The B-Lab® has created a third-party assessment tool which, incidentally, can be used for a Benefit Corporation’s annual Benefit Assessment Report requirement. That being said, any type of entity (not just Benefit Corporations) can become certified as a B-Corp™ if it meets the B-Lab’s requirements, which includes satisfying legal requirements as well as scoring at least 80 points on the B Impact Assessment. The five categories of the B Impact Assessment are: Governance, Workers, Community, Environment, and Customers. Some popular companies which have achieved Certified B-Corporation status include Patagonia, Ben & Jerry’s, and Hog Island Oyster Company.
Currently, the B-Lab® will not certify recreational cannabis companies, according to a notice posted on their website. It will certify medical cannabis companies and hemp companies who can demonstrate compliance with the appropriate state law.
This summer, the B Lab issued updated guidance entitled Cannabis Controversial Industry Update June 2019 stating: “Companies who are already Certified B Corps who develop recreational marijuana related products or services in jurisdictions where it is legal will have their B Corp Certification maintained if revenues remain below 5% of their total revenues from the product. Company eligibility based on the % of revenues will only be assessed at the time of a company’s recertification, at which point B Lab’s position may be adjusted.”
Our office has reached out to the B-Lab® to ask about their position.
Pros and Cons of these Alternative Entity Structures
Some implications of structuring a company this way include added reporting requirements to shareholders and the public, as well as having to take other considerations into account besides maximizing financial profit. That being said, Benefit Corporations, Social Purpose Corporations, and B-Corporations™ can all be publicly-traded like other types of for-profit entities.
Why might a company want to structure itself this way? For one, it will help attract investors who are looking to fund socially-conscious or environmentally-conscious businesses. In addition, it gives cannabis operators the freedom to pursue their other goals besides profit, allowing them to weigh the impact of their actions on their community, their employees, and the planet. It is also in line with the history of the cannabis industry as a social justice movement centered around health and basic freedoms. Furthermore, the cannabis industry can use this to help set a positive example for other businesses.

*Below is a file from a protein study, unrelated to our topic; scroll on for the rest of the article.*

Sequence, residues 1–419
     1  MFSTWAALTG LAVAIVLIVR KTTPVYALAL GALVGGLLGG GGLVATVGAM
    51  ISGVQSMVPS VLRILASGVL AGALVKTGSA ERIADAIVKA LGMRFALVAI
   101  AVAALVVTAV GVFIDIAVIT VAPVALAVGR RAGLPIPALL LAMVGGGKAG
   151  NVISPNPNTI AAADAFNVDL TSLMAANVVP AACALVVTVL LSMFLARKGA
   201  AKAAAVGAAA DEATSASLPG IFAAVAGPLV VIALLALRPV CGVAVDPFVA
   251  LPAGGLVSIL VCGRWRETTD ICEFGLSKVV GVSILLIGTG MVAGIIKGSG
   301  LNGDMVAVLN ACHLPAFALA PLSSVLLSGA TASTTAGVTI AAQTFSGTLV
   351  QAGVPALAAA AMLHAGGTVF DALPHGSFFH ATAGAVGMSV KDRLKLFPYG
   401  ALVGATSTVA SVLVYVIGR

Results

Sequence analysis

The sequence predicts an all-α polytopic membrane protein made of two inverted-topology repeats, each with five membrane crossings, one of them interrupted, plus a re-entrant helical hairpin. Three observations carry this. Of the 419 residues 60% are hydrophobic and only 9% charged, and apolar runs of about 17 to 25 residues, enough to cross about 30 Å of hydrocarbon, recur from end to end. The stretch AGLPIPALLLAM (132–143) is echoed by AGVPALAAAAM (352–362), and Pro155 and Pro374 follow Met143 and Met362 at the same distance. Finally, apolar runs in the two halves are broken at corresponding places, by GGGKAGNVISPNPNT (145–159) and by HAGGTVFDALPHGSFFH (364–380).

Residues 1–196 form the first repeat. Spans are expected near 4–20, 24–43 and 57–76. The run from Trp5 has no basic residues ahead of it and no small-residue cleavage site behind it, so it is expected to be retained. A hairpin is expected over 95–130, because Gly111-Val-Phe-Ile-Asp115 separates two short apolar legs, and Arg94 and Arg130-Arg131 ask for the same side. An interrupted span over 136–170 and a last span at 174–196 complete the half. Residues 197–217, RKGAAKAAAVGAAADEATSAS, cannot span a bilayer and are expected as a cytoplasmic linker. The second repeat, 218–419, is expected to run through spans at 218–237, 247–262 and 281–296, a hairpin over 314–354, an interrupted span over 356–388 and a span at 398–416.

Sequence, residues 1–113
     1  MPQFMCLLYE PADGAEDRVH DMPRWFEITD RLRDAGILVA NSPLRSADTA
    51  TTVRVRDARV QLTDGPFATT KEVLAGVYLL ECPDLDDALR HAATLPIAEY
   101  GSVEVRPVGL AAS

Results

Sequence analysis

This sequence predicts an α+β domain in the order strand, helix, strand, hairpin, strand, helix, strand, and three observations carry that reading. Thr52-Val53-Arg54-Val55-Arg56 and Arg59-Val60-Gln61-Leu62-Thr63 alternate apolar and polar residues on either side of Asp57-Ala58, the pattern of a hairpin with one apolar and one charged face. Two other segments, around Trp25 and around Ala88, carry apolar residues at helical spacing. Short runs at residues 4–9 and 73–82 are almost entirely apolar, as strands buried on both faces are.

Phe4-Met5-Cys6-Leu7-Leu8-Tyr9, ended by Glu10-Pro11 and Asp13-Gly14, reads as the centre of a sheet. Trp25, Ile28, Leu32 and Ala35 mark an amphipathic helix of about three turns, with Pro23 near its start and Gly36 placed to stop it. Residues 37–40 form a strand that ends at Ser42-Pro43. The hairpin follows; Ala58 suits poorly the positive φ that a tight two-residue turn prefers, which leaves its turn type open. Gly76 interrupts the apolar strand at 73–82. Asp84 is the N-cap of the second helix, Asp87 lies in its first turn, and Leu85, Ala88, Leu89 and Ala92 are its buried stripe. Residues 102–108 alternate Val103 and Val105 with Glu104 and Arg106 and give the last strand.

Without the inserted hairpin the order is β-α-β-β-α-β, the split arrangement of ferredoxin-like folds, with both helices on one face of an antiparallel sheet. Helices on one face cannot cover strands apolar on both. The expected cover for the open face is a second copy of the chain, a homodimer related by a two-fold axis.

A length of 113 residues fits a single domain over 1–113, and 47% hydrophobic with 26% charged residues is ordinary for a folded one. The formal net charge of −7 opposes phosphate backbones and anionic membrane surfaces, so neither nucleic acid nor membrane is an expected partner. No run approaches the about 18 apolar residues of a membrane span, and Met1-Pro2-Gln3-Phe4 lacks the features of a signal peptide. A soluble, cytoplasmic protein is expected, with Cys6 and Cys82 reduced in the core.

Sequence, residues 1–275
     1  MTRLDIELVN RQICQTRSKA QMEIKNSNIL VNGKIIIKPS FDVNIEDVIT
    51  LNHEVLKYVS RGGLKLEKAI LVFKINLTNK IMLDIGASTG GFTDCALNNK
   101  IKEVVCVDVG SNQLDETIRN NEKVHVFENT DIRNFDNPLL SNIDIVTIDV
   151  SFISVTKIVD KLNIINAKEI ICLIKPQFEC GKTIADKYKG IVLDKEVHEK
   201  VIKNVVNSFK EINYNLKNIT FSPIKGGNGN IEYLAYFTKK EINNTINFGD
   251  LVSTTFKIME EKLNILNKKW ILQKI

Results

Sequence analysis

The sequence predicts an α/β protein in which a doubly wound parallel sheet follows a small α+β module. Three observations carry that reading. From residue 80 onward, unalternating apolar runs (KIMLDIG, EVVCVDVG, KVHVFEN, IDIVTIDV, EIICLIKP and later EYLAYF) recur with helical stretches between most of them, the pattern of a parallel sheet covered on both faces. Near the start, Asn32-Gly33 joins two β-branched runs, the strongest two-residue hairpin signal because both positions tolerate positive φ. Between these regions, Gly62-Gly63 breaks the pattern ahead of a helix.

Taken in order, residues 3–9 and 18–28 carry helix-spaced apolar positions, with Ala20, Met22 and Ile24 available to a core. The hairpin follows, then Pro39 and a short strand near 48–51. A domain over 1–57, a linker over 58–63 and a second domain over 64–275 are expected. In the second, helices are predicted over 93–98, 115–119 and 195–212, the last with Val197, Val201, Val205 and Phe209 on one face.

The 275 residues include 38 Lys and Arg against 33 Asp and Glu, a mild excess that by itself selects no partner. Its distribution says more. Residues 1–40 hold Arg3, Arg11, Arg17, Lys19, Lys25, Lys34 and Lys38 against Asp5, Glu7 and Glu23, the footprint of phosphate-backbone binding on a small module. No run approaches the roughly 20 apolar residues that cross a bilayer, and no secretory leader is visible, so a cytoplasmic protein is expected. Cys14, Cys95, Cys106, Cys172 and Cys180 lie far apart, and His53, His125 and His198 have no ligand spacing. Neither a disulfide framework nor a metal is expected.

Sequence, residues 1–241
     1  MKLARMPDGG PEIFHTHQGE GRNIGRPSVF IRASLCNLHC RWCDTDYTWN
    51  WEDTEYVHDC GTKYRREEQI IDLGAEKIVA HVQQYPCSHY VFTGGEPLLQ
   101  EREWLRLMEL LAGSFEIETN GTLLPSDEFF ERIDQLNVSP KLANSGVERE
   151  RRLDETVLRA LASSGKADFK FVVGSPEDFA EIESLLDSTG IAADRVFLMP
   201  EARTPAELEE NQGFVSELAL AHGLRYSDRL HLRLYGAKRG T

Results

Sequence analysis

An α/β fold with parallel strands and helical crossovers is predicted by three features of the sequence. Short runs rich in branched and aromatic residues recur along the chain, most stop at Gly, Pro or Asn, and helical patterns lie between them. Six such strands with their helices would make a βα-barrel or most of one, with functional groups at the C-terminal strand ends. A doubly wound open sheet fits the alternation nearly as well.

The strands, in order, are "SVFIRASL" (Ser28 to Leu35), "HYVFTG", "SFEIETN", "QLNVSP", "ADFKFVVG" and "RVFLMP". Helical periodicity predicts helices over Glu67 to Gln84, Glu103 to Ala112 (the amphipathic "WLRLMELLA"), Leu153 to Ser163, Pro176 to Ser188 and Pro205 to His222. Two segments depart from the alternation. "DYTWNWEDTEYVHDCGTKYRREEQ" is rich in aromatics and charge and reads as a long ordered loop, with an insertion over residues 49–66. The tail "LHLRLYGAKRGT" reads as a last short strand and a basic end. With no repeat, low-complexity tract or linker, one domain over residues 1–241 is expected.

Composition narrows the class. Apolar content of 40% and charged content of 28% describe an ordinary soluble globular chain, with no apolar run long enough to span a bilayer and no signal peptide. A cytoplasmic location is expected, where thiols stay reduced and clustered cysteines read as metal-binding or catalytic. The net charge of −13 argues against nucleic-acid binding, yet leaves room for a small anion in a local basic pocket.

As a final note, while this blog post deals with Benefit Corporations, Social Purpose Corporations, and Certified B-Corps™, these are not the only ways for a company to pursue social good in addition to profit. Limited Liability Companies have more flexibility than corporations in this regard, and some states have even created special types of LLCs, such as the L3C (“Low Profit Limited Liability Company”) to help bridge the gap between investor-centered for-profit entities and public-centered non-profit entities. We hope to cover these additional options in a future blog post, so stay tuned.
This information is provided as an educational public service and is not intended as legal advice. For more information about forming a Benefit Corporation or a Social Purpose Corporation, or becoming a Certified B-Corporation™, contact the Law Offices of Omar Figueroa at (707) 829-0215 or [email protected] to schedule a confidential legal consultation.